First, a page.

Ross Blanchard reveals how he trolled the Bundy militia using Twitter with his satirical “Malheur Diary” about a fictitious, unwitting character inside the Malheur Refuge.
After a group of militants led by Ammon Bundy took over the Malheur National Wildlife Refuge in Eastern Oregon in early January, Twitter spawned a handful of accounts skewering the occupiers there. There was The Decemberists frontman @ColinMeloy’s erotic fiction that inspired #bundyeroticfanfic; the @BundyDogMilitia, which was fighting for the right to shit wherever they pleased; @Ammo_Bundy, an absurd extrapolation of the already absurd militant leader; and there was my little project: @MalheurDiary, a farcical account of an unnamed narrator shanghaied into the Bundy militia and secretly reporting events from the inside.
We were all having fun with this until the shooting death of LaVoy Finicum on Tuesday by authorities. I had just posted several tweets about the militants sitting around, drinking hazelnut coffee creamer for dinner, and swapping stories when the news came out that someone had actually died as a result of the takeover. Suddenly, the characters I had conjured in my head—the dimwitted Ammon Bundy slowly being bled of his funds by clever locals; Zeke, the mountain man and live-in nanny for a family of black bears; the paramilitary guys who started as an off-off-Broadway dance troupe—turned dark. Their suffering went from the humorously banal, occasionally slapstick, to tragic. They were all grieving the loss of their comrade.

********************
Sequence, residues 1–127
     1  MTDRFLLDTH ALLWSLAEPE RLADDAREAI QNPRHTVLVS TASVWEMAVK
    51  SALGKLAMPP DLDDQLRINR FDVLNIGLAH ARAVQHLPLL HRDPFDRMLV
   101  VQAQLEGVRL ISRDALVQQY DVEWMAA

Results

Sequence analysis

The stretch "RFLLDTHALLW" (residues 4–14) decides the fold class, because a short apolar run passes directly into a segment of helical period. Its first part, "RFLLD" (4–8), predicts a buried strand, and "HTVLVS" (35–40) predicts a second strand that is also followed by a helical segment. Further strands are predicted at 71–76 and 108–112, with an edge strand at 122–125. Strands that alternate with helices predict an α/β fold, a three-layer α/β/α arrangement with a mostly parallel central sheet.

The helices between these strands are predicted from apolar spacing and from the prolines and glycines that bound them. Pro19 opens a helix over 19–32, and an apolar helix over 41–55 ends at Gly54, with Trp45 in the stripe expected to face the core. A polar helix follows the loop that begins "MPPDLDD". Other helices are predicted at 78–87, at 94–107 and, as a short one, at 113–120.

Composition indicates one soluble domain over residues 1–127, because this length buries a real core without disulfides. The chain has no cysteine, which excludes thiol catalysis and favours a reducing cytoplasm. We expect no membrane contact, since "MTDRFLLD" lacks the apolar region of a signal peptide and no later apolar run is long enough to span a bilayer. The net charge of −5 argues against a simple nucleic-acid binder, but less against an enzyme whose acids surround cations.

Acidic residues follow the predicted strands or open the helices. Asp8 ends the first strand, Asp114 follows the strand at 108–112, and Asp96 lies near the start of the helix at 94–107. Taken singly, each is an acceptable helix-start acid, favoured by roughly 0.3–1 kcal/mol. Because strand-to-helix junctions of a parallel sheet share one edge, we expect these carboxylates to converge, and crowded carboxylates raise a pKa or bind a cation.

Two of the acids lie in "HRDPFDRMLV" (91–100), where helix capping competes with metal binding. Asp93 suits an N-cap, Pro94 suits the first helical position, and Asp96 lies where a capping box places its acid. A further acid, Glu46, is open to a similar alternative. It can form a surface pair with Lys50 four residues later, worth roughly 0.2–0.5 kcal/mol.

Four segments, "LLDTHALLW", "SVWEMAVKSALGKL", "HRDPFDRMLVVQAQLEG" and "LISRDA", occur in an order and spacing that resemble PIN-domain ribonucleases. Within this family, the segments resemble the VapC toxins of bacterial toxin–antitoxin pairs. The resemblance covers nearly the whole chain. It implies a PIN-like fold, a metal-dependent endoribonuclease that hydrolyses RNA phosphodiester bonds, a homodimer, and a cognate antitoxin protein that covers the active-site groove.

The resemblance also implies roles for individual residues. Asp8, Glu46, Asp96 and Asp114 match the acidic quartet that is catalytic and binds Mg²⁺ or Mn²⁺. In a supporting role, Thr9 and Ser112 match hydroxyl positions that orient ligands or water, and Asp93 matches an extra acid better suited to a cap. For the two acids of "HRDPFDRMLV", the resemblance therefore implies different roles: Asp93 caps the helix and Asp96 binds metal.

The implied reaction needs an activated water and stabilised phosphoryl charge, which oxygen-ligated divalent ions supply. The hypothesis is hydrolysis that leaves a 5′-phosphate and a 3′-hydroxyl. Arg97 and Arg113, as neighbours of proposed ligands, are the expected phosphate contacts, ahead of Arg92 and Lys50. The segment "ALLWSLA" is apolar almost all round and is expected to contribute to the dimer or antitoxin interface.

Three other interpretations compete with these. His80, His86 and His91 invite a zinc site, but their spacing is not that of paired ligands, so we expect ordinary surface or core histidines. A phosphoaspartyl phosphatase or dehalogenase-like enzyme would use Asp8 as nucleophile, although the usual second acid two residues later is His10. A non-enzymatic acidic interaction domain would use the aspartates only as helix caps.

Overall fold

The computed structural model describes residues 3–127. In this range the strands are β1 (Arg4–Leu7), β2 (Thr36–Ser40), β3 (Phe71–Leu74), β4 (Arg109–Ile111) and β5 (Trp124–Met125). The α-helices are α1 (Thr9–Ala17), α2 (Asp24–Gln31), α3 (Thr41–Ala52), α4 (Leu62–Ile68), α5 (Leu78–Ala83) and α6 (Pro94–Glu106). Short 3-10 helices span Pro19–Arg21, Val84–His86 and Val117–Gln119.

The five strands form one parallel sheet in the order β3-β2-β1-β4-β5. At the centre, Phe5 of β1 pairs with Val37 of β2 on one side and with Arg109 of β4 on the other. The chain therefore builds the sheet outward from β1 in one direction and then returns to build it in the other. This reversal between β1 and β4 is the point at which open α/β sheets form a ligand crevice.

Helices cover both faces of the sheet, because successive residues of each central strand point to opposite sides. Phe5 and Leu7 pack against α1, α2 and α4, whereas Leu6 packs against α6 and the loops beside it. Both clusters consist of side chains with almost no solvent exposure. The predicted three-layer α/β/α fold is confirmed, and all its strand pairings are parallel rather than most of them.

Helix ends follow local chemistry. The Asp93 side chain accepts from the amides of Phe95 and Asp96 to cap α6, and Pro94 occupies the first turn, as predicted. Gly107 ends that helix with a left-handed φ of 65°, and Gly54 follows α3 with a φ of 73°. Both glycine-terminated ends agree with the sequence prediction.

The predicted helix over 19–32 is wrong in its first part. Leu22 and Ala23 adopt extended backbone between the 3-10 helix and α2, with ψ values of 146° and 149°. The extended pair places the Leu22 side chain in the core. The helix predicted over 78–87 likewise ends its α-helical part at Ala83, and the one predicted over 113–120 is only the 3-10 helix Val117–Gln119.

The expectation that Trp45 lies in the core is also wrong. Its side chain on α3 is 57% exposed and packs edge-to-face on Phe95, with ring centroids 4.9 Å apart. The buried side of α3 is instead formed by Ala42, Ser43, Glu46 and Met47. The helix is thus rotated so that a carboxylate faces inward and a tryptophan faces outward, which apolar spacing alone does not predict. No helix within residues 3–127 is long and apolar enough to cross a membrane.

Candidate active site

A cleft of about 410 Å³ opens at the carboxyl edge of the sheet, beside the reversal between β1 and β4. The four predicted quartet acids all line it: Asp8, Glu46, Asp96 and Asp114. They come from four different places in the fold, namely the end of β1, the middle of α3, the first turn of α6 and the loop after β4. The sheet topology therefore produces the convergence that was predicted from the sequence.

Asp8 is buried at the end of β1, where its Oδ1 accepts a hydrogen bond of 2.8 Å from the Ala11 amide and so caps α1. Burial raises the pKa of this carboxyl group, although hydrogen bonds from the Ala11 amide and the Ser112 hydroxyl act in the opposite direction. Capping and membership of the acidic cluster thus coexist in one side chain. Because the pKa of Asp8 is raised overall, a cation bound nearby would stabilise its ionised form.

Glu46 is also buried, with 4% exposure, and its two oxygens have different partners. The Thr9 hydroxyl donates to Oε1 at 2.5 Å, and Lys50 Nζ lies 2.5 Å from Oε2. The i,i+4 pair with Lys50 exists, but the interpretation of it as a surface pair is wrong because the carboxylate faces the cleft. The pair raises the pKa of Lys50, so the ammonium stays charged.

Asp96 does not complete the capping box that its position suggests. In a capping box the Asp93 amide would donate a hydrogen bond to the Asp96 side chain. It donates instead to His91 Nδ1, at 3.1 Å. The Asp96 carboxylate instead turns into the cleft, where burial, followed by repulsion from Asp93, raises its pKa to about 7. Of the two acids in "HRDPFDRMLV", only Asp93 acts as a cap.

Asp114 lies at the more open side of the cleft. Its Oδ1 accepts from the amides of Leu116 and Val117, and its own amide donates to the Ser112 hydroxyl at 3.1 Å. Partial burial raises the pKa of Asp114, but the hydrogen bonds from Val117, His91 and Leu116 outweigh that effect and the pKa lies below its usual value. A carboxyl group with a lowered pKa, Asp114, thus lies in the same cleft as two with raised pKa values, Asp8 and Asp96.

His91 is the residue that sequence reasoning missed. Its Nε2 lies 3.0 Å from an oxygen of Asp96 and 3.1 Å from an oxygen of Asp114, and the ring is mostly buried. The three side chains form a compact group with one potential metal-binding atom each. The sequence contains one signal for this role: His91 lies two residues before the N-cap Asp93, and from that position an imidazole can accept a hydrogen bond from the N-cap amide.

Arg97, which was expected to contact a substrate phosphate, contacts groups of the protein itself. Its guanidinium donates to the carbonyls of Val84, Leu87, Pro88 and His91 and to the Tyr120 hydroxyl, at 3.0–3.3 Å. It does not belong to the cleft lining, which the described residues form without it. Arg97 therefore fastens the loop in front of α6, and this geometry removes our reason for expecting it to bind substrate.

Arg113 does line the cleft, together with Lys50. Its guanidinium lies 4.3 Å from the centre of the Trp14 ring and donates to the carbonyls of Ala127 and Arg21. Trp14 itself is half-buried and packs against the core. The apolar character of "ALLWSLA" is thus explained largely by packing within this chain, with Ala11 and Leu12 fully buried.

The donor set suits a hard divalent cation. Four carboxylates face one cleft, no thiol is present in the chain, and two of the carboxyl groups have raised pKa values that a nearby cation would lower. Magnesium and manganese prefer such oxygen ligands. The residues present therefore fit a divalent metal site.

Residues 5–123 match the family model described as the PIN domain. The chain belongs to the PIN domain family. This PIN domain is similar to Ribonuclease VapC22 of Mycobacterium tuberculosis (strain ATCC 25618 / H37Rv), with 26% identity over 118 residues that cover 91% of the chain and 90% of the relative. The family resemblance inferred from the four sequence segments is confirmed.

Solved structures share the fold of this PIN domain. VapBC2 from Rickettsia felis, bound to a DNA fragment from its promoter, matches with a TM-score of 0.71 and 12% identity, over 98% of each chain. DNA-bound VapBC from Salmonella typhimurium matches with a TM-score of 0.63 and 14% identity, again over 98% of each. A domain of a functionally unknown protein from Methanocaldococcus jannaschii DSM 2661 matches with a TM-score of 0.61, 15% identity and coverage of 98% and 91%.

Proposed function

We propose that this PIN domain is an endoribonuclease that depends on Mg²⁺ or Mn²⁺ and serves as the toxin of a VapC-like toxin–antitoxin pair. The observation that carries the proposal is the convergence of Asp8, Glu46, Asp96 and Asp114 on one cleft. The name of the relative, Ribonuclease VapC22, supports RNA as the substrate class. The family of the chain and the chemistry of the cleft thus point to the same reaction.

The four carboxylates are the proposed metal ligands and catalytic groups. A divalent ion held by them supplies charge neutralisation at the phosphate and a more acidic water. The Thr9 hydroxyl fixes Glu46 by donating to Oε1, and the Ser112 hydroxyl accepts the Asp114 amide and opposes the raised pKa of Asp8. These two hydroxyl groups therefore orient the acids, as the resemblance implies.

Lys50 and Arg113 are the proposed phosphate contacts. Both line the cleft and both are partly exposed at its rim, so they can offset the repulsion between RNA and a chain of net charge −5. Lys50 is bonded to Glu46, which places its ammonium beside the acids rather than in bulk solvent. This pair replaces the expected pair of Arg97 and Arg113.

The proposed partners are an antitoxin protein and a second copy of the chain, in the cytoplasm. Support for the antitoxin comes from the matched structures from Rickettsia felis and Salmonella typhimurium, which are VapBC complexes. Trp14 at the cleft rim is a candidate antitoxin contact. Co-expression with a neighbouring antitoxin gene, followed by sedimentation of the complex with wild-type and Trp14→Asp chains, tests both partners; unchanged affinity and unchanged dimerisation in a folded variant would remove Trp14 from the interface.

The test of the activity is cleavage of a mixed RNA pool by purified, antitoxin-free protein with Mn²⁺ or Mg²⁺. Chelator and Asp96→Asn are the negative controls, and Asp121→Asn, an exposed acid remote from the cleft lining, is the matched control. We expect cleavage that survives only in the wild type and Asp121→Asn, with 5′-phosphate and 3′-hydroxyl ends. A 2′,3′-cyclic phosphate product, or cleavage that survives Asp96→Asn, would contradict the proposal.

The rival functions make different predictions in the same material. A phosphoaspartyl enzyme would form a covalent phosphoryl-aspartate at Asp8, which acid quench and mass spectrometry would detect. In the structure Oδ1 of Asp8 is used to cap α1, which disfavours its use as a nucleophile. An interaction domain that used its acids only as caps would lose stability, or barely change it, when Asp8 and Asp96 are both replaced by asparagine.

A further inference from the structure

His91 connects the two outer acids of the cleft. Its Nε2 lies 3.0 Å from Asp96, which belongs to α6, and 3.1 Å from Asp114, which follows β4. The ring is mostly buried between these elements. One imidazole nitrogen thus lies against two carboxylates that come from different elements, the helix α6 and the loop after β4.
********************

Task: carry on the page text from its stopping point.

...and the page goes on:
Breaking character, I tweeted once more.
And that’s where the story sits at the moment.
“Oh, Lord, make my enemies ridiculous.” —Voltaire
When these right-wing zealots occupied the refuge, I thought, What are they going to be doing in that refuge for weeks? In between the few moments of media interviews and interactions with officials, there are vast stretches of time. How do they do their laundry? Where do they sleep? Do they argue over whose turn it is to do the dishes? What happened to the package of candy penises someone sent them? The dildos?
So, I set about telling a story of a bunch of bumbling buffoons, oblivious to the fact that they are in over their heads and who are prey for the locals who, while quietly tolerating the invaders’ foolishness, pick their bones clean.
Will I continue the story? That’s a tough one. Perhaps the characters will recover somehow and I’ll find the way to move forward, find the right tone considering the tragic turn.
This morning, I heard an interview with Finicum on the radio. In the interview, he explained that before he arrived he thought he was joining a brief protest, not a takeover of federal property. Would my narrator, who got drunk and thought he was going camping, resonate with that?